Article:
Republican senators are demanding answers from the IRS about how it enforces its EV tax credits after a watchdog for the Treasury Department found millions of dollars in "erroneously claimed" credits.
IRS Commissioner Charles Retting received a letter on Monday from senators who want information about "what appear to be systemic problems," according to The Hill.
Fifteen senators signed the letter, including Senate Finance Committee Chariman Chuck Grassley and Senate Homeland Security and Governmental Affairs Committee Chairman Ron Johnson.
In September, the Treasury inspector general for tax administration (TIGTA) released a heavily redacted report finding that "the IRS has taken steps to address some of TIGTA’s previous recommendations to improve the identification and prevention of erroneous credit claims, many of the deficiencies previously identified still exist."
It claimed there were more than $70 million worth of potentially erroneous plug-in credits claimed between 2014 and 2018. Back in 2011, the same watchdog found $33 million worth of plug-in and alternative vehicle credits that were claimed erroneously.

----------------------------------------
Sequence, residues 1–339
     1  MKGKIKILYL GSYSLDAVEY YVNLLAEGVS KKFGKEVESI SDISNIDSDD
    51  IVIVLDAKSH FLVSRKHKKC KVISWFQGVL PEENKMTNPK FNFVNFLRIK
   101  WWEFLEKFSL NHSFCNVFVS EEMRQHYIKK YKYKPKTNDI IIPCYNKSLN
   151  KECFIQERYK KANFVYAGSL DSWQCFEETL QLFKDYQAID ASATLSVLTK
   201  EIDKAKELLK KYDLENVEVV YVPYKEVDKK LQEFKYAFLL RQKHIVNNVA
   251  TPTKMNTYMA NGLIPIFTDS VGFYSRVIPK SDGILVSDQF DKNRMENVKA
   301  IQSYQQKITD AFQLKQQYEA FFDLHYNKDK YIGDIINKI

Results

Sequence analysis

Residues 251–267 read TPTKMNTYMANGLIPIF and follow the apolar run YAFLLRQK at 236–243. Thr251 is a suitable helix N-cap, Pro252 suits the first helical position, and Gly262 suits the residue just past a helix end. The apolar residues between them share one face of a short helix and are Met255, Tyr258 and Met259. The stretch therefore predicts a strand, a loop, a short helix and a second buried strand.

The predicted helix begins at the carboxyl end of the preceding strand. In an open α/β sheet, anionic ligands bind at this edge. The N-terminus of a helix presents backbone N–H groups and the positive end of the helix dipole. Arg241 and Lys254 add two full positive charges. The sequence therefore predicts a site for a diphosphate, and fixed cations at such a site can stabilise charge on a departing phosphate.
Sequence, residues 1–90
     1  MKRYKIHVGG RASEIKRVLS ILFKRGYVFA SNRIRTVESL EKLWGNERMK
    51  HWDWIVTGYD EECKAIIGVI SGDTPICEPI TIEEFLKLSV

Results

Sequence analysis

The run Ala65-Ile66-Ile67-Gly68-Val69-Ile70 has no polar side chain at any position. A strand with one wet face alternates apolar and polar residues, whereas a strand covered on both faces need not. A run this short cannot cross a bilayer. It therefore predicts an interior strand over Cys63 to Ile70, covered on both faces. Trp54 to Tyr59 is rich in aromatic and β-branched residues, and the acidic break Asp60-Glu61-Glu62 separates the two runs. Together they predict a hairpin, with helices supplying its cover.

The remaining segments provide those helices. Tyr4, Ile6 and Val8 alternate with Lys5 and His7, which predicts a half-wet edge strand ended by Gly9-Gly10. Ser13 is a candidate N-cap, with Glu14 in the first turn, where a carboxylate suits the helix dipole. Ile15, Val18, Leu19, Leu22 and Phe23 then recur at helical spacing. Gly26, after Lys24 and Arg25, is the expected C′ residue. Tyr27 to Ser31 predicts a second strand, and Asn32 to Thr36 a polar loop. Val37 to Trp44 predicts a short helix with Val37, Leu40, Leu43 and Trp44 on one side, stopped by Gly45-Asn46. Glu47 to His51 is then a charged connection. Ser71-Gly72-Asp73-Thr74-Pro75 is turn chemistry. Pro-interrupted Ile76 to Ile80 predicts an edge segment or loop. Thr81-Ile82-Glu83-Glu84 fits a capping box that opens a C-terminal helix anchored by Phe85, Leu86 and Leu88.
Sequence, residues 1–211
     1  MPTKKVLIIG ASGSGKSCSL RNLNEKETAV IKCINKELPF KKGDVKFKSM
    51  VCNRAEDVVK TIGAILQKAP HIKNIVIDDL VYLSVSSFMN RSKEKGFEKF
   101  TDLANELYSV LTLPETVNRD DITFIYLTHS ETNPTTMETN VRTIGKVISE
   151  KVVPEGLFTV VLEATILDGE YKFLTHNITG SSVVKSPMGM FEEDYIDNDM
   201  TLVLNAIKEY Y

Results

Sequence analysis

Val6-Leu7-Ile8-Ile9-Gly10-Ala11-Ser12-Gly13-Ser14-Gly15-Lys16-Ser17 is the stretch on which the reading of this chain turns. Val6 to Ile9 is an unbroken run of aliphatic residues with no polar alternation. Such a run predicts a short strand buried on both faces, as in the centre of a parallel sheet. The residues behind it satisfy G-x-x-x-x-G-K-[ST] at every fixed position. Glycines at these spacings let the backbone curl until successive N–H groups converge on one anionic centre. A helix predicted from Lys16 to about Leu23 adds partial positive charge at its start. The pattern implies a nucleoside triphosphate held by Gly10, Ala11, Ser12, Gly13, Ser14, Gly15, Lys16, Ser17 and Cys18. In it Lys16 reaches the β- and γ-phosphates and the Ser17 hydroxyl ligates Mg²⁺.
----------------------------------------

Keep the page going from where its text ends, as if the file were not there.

The GOP senators said in their letter: "...it is troubling that these improper payments continue and have more than doubled in size in the eight years since they were first reported."
The letter comes amidst a debate about expanding EV credits. Democrats have been pushing for the expansion while Republicans have largely pushed back. GOP senators say the program "overwhelmingly benefits wealthy electric vehicle owners in one state" and cited a WSJ article that showed about half of all EV sales occur in California.
The senators demanded information about the amount of credits erroneously claimed and whether or not the IRS has conducted their own internal audit.
While a trade association for EV vehicles agrees that the IRS should investigate, it continues to advocate for expansion of the credits.
Genevieve Cullen, president of the Electric Drive Transportation Association, said: “The plug-in credit was created with bipartisan support to promote investment in electric mobility and secure the energy, environmental and economic security benefits of the technology, including maintaining US competitiveness in the global marketplace. The credit has been demonstrably effective in advancing those goals.”
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